(This is Part One of a two part series by Sarah Said. Her post tomorrow will share specific ideas for “brain breaks.)

Sarah Said currently serves as a Director of Language and Equity programs in the Chicago land area. Sarah is an avid writer about issues regarding English Learners. She is a Contributor for ELL Confianza. Sarah has been serving English Learners for 15 years.


You’re in the middle of a lesson and you pause.  You take a look at the children in your classroom. One has his head down on his desk.  The other is coloring. Your history lesson has nothing to do with coloring A third child is staring at the wall and tipping back and forth in her chair. Yes, it is time for a refuel.  What does that mean? That means really pulling back and giving your students a brain break or an energizer.

Can I ask you something? Are you able to sit and through an eight hour professional development and really focus on the content that the presenter is delivering when they are just lecturing?  I’m going to guess that you have never gotten chit chatty with the teacher sitting next to you during training. Never have you checked or your email or twitter during a training where you needed to be professionally learning. Does this mean that you are a bad professional learner? No!  You needed a break. You were acquiring lots of information and your brain needed a refuel.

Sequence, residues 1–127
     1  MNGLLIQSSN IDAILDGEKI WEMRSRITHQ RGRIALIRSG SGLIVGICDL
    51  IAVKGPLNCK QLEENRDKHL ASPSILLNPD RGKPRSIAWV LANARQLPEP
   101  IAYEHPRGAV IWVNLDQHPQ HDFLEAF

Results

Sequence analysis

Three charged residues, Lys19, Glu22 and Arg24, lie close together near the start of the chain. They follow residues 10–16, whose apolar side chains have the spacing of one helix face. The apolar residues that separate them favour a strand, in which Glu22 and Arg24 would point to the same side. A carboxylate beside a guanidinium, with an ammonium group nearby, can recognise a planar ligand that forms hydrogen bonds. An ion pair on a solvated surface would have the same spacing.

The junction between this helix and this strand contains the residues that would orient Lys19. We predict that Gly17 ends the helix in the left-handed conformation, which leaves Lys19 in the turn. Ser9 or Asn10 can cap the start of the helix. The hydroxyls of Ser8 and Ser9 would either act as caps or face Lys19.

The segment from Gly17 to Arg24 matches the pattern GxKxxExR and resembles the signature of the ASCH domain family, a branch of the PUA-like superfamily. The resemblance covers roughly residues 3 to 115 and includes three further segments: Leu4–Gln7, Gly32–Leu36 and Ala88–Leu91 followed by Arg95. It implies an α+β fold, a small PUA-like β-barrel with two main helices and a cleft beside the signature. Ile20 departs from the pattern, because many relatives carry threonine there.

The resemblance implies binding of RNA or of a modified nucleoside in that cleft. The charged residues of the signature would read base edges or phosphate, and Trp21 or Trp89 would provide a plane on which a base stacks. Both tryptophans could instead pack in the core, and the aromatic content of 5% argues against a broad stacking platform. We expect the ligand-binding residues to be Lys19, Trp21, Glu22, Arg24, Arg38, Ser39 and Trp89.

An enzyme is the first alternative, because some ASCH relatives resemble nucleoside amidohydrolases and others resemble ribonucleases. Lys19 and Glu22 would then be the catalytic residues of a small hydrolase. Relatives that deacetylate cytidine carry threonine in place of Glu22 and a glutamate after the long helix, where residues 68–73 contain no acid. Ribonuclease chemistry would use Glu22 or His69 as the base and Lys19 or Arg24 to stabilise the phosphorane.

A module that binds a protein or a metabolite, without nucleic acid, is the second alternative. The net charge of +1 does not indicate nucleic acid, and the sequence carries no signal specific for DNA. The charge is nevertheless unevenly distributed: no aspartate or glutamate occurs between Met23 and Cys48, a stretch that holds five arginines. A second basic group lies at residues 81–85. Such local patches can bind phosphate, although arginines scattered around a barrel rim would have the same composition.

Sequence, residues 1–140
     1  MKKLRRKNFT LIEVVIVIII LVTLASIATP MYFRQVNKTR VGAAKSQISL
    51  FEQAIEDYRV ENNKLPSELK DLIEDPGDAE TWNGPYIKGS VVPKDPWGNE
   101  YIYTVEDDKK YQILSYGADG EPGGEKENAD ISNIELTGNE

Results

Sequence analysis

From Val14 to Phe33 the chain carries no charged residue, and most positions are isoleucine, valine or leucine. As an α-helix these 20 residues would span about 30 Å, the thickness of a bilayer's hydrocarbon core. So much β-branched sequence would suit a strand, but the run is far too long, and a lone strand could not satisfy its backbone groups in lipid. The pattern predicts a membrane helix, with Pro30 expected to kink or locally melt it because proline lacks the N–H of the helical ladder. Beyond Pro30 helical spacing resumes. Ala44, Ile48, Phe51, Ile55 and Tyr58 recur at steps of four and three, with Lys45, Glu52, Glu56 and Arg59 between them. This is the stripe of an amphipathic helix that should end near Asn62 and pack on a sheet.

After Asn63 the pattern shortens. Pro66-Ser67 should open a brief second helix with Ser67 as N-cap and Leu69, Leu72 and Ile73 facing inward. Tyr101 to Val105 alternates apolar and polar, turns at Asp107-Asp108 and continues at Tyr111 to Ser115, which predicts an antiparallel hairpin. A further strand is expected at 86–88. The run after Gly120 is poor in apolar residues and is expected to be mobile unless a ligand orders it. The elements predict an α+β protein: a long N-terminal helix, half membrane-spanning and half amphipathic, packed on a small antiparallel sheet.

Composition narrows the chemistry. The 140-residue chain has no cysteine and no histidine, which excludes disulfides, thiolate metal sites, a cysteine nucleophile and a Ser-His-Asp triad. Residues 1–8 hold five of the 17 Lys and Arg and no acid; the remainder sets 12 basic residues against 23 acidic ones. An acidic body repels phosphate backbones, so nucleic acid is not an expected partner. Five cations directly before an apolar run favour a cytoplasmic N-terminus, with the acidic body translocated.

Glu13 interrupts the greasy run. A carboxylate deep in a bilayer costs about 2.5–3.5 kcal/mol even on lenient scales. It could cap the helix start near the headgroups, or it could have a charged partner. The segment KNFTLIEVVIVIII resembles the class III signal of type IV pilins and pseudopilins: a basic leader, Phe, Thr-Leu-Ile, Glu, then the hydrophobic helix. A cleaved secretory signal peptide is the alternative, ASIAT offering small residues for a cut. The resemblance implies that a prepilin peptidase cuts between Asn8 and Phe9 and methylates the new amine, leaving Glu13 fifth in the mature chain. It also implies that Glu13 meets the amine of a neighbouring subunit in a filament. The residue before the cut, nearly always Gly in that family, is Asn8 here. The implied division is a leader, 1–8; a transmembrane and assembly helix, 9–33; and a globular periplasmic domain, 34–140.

Our brains need a break.  They need time to refuel before they can keep going to acquire new information. We’re not terrible students – we’re just human.  If we have a difficult time paying attention for eight hours in professional development regarding a field we are passionate about without giving our brain a break, how do children in a classroom feel on a day to day basis? When something is difficult to understand and not engaging, the brain will shut down. We’re not wired any differently than the children we teach.

Imagine that the child is hearing the content in a different language or in a strange place that is not the home they know. The learning is being interrupted by more tension and the child may suffer from other types of brain trauma.  I want to advocate for the students that I have seen in classrooms throughout my career really struggling. Yes, they’re struggling academically, but there is something deeper that the child is struggling with beyond their academics. It is important that we advocate for education the whole child not only from a linguistic standpoint but also a social emotional standpoint, as well. With this, we really have to set up classrooms that provide an appropriate climate for English Learners.  This climate may provide an opportunity for a brain break (a time where a child can rest their brain for part of the lesson as they are processing information) or an energizer (a time where a child can really be re-energized in their learning to continue on to more learning). It’s important to allow your classroom to “refuel” their brains. This will assist them in accessing quality learning and language input.

The Pressures that Our Learners Face on a Daily Basis